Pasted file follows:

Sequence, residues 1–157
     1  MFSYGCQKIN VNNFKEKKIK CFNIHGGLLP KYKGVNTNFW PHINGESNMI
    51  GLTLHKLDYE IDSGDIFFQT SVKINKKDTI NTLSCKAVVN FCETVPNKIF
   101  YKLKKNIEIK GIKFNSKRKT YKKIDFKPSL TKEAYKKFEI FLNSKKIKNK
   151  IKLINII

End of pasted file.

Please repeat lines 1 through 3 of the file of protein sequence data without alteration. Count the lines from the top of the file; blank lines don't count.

Sequence, residues 1–157
     1  MFSYGCQKIN VNNFKEKKIK CFNIHGGLLP KYKGVNTNFW PHINGESNMI
    51  GLTLHKLDYE IDSGDIFFQT SVKINKKDTI NTLSCKAVVN FCETVPNKIF